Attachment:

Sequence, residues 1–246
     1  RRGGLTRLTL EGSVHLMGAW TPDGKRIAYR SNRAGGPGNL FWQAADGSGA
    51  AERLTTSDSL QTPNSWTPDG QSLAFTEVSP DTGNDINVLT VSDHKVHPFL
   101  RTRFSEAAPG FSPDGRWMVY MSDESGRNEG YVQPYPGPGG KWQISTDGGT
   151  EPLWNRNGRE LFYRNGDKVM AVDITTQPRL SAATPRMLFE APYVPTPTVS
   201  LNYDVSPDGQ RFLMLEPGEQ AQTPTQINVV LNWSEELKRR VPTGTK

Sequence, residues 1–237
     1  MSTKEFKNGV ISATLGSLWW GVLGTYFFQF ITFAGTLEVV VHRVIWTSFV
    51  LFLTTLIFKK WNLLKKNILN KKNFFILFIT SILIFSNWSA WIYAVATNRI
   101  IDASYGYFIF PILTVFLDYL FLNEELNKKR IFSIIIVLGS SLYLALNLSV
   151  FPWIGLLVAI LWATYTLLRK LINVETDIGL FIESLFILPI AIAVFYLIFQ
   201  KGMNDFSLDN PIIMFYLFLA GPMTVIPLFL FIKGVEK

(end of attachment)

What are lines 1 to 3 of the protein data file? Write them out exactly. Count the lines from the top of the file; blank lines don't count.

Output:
Sequence, residues 1–246
     1  RRGGLTRLTL EGSVHLMGAW TPDGKRIAYR SNRAGGPGNL FWQAADGSGA
    51  AERLTTSDSL QTPNSWTPDG QSLAFTEVSP DTGNDINVLT VSDHKVHPFL